Grace United Methodist Church uses grant to fund food bank
Macksville’s Grace United Methodist Church Food Pantry is prepared to step up to assist families during the COVID-19 crisis with additional funding provided by a $1,000 grant from South Central Community Foundation, headquartered in Pratt.
“Many are out of a job at this time and those who are still working face so much financial uncertainty,” Food Pantry volunteer Jody Suiter said.
“The Grace United Methodist Church Food Pantry and Care Closet does important work in the communities of Stafford County and they continue to have an incredible impact on the families and students in need, so SCCF is excited to be a small part of their success,” said SCCF Executive Director Holly Rooks.
In addition to canned food items, grant funds from SCCF were used to purchase hygiene products, paper goods, detergents, and toiletry items, according to Suiter.
When school is in session, Grace UMC also has a Care Closet at Macksville High School which provides toiletries, sock and gloves to students when needed.
The UMC Macksville Food Pantry was launched a decade ago when then-pastor Byoung Lee challenged Grace Church members to do something good for someone in the community.
“It’s always been located at our church at 133 Gilmore Street or as we tell people ‘the church by the park,’” Suiter said.
Originally housed in an upstairs classroom at the church, the Food Pantry was recently moved to the ground floor in space previously occupied by the church library to make it more accessible to recipients and volunteers with no steps to climb, Suiter said.
It was Barbara Jo Nelson and Lynn Suiter who got the ball rolling and started the Food Pantry.
“Starting from nothing, they consulted with others in adjacent counties to see how they handled operations,” Suiter said. “They also consulted with KSU Extension and learned a lot about storage guidelines, what the numbers on cans mean and other aspects to make it a successful food pantry. They used money from a memorial fund and donations from church members to stock the shelves.”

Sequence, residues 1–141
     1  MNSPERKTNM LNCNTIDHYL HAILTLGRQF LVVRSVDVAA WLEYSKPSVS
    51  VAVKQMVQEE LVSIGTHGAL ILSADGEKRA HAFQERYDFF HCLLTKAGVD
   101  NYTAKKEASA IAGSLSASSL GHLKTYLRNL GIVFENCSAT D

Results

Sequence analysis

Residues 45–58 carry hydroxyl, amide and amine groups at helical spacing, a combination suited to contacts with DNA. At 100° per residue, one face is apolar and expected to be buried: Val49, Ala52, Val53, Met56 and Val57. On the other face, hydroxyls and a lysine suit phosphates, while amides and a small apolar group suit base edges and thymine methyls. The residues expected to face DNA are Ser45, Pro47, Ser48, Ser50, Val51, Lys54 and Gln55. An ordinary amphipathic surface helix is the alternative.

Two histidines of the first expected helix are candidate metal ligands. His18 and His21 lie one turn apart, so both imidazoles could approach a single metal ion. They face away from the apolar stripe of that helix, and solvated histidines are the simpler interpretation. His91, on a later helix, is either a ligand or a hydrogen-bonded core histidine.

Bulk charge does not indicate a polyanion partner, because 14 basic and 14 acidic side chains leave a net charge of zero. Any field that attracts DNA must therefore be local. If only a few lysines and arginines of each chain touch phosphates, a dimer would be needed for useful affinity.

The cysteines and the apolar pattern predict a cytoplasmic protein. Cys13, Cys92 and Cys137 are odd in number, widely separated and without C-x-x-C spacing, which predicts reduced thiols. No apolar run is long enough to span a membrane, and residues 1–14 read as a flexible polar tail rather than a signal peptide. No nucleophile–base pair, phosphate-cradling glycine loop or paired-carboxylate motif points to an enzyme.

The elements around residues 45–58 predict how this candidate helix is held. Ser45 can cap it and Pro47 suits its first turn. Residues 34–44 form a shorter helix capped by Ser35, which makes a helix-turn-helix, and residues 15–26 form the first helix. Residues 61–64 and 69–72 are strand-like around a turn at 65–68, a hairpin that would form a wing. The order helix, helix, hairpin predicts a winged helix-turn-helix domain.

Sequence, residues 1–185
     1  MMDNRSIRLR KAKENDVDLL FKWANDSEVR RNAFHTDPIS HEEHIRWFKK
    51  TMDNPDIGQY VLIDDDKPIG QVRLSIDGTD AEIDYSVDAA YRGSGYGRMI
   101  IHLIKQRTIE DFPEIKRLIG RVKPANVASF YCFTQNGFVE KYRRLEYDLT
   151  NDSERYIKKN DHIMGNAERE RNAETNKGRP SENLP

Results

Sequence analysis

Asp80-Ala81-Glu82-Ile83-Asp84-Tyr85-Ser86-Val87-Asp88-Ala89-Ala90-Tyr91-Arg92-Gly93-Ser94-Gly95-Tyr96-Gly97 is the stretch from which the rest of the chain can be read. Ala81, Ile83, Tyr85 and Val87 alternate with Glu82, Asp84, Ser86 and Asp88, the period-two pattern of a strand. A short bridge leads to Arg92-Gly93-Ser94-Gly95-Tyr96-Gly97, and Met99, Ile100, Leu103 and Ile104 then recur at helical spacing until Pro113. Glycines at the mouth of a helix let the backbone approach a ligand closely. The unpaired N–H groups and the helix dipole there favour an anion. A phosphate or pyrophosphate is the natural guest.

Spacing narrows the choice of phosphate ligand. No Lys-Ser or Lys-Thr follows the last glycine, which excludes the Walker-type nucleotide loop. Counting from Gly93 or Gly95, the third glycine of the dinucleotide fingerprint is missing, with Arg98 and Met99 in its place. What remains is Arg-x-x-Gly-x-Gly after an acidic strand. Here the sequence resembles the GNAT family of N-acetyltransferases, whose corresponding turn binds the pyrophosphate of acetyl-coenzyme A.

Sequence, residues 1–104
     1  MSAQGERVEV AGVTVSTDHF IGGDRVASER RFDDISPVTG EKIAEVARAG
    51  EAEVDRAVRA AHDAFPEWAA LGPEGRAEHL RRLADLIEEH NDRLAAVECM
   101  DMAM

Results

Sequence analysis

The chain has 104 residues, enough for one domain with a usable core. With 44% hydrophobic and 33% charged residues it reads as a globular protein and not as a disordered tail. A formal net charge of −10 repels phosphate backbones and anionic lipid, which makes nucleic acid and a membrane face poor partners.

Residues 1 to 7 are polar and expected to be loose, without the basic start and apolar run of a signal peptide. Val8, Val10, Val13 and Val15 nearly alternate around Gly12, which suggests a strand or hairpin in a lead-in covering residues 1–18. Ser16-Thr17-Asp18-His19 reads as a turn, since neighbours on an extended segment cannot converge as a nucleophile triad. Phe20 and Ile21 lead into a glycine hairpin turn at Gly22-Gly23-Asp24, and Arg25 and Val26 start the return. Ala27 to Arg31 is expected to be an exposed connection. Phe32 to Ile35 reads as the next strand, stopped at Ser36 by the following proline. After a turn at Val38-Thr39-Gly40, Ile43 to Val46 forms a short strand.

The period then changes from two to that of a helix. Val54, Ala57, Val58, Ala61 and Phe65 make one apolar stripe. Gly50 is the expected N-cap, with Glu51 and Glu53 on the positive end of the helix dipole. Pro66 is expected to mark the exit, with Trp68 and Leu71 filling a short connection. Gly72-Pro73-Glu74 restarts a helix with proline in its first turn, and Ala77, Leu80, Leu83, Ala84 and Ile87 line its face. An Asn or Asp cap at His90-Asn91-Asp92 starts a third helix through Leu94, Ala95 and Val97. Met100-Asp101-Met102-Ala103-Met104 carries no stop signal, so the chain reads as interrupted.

Donations from church and community members continue to provide support for the UMC Food Pantry. There are no stipulations for receiving assistance.
“We operate on an as needed basis,’ Suiter said. “When someone contacts us for assistance, we will meet them at the church or sometimes deliver items to those who are homebound.”
Suiter said that over the years, boxes have been put together for seven to ten families at Thanksgiving and Christmas.
“We would include a ham or turkey, plus fresh produce, canned goods, and a card and Upper Room daily devotional booklet. When asked if they could use some extra food, they were always very grateful,” Suiter said, “People have been highly appreciative when we go to deliver. We hear, ‘Thank you, thank you!’ And, it’s sincere.”
“We haven’t noticed an increase since Shelter at Home started, but we believe we will be getting more calls as the economy continues to struggle,” Suiter said. “We want to help those in need- not only by supplying healthy food, but also by helping provide necessary items that WIC, food stamps and free lunches do not provide.”
Macksville Food Pantry volunteers are focused on reaching out to neighbors, Suiter said.
“We were able to reach a large audience when school was in session (before COVID-19), because we worked with the school nurse, Becky Filbert, and were able to purchase hygiene products that students could pick up on an anonymous basis, whether due to financial need or an emergency situation,” Suiter said. “Now we are hoping to reach out to our neighbors in need, especially during this turbulent and uncertain time.”
“This project speaks directly to the mission of the church to care for our neighbors and share God’s love,” Suiter said. “We’re a small church in a small town. But we have a big heart to serve others.”
For more information, contact Pastor Blackburn at 620-348-2855 and leave a message.
Suiter said there is a second food bank in town under the auspices of the Macksville Christian Church.